Changing our focus
It’s easy to fall into the trap of thinking that changing our bodies will automatically change the way we feel about ourselves; that losing weight equals happiness. Don’t get me wrong, I’m all for getting healthy and feeling fab, but we need to remember this it’s just part of the puzzle.
Learning to love and explore the body you have right now is no easy task. Like so many people, I grew up thinking I wasn’t enough: that I should be skinnier, prettier, less spotty and have waaay bigger boobs. Yoga has been a big part of my journey in getting to know my body and learning to appreciate its beauty and its limitations in a way I never dreamed I could.
You can’t wait until you’re skinny enough, strong enough or perfect enough to learn to like yourself. You have to start now. Get on the mat and take your time to experience what it’s like to live, breathe and move in your amazing body.
The numbers on the scale are not the focus, my friend. You are the focus. You are important: your health, your well-being and your happiness. And I reckon you’re doing great.
Thoughts on weight loss and yoga/ body love? Share them in the comments section below.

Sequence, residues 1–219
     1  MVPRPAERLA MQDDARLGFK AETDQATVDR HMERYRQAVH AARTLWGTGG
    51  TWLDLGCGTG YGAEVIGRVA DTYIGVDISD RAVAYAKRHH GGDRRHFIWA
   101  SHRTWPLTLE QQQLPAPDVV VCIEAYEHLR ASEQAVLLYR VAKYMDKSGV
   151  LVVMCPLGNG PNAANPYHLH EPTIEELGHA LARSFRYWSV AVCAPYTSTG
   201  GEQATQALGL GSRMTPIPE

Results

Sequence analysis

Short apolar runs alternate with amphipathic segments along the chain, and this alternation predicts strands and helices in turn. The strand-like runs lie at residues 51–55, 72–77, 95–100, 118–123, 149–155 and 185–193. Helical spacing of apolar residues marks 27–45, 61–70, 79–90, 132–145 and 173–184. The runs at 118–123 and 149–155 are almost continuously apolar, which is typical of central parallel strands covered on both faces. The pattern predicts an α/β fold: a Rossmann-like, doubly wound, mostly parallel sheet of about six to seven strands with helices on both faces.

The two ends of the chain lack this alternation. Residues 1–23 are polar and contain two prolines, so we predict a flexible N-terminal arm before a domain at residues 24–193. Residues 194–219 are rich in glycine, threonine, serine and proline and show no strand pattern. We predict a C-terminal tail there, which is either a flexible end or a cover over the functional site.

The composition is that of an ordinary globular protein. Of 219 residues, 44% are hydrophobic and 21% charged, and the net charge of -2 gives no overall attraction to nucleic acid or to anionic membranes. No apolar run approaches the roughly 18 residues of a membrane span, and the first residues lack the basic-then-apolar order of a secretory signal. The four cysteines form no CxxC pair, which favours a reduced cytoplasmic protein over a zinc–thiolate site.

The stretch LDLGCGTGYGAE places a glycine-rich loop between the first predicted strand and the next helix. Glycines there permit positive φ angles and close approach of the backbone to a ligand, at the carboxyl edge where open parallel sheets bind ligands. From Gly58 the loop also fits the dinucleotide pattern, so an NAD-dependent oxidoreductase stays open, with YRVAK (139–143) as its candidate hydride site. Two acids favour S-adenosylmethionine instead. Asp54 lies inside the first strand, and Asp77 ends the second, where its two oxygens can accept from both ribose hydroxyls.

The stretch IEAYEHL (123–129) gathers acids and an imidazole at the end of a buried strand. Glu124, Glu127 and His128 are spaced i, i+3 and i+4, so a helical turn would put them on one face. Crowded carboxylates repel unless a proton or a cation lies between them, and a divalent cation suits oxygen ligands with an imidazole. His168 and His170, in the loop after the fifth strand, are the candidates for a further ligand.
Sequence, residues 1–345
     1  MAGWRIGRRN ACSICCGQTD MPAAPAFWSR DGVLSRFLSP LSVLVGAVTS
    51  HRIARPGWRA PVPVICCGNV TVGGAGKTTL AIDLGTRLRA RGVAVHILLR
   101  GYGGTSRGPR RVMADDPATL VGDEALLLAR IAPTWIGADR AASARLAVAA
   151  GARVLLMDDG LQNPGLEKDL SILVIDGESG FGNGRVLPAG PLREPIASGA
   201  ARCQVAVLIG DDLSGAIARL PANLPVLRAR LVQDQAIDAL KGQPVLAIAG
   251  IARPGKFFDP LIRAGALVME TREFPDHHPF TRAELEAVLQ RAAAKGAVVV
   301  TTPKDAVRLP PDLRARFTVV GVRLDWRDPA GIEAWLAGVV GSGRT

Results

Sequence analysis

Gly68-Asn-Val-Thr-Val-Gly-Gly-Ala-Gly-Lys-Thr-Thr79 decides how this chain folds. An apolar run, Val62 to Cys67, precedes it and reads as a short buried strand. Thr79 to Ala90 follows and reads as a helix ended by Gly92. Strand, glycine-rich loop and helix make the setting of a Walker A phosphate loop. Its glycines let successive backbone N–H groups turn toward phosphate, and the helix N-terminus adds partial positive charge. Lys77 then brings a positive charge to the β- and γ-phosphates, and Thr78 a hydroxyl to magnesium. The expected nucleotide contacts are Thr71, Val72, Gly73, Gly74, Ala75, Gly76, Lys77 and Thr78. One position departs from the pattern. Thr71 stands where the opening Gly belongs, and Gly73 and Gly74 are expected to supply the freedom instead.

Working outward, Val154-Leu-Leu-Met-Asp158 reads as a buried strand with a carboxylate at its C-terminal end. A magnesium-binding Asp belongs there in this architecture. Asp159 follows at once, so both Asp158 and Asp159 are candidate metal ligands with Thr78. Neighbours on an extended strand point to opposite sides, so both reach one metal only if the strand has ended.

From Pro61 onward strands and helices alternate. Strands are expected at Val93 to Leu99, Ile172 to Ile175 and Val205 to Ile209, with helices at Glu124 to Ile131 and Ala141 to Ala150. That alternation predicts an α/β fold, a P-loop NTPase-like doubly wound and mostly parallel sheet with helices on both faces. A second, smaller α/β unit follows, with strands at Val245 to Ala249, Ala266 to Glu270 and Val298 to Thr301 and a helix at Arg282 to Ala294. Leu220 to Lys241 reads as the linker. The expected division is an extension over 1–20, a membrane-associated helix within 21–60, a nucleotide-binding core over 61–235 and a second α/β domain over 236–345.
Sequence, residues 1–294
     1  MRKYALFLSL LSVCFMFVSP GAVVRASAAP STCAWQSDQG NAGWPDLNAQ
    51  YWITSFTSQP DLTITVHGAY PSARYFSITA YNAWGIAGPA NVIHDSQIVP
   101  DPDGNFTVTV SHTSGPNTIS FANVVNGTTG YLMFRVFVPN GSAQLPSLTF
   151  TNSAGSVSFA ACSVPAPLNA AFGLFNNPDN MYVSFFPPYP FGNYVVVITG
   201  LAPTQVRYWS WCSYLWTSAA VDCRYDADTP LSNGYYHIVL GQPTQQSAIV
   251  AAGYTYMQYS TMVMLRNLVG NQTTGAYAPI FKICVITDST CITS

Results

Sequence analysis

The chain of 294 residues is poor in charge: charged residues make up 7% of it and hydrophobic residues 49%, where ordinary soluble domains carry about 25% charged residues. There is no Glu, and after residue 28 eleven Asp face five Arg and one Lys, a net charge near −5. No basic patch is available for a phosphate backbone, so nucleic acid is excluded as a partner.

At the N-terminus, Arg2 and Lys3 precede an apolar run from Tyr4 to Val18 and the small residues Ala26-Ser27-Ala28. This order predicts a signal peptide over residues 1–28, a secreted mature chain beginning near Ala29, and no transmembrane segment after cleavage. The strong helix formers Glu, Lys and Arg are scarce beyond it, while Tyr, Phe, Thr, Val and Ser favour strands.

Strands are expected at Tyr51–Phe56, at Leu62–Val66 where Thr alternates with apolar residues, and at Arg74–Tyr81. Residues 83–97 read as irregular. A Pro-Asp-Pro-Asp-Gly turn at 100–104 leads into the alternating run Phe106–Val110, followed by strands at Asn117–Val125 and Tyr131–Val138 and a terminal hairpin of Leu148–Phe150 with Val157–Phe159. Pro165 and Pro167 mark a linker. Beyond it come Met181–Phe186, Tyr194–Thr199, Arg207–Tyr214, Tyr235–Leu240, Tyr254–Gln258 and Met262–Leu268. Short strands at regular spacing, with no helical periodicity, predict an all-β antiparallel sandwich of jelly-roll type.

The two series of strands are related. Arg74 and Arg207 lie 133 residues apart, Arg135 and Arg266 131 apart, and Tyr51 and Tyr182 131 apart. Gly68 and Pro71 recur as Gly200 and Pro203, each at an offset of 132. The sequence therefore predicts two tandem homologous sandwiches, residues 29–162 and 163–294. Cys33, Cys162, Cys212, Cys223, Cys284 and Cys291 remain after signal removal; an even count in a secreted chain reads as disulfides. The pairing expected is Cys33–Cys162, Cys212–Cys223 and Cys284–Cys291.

This page contains affiliate links – click here for more information.
References/ Further Reading
- Yoga practice is associated with attenuated weight gain in healthy, middle-aged men and women
- Adiponectin, interleukin-6, and cardiovascular disease risk factors are modified by a short-term yoga-based lifestyle intervention in overweight and obese men
- Restorative Yoga Better Than Stretching for Trimming Subcutaneous Fat in Overweight Women
- Why stress causes people to overeat
- Neuroprotective effects of yoga practice: age-, experience-, and frequency-dependent plasticity
- Promoting self–compassionate attitudes toward eating among restrictive and guilty eaters
- Mindfulness practice leads to increases in regional brain gray matter density
- Mindful Eating — Studies Show This Concept Can Help Clients Lose Weight and Better Manage Chronic Disease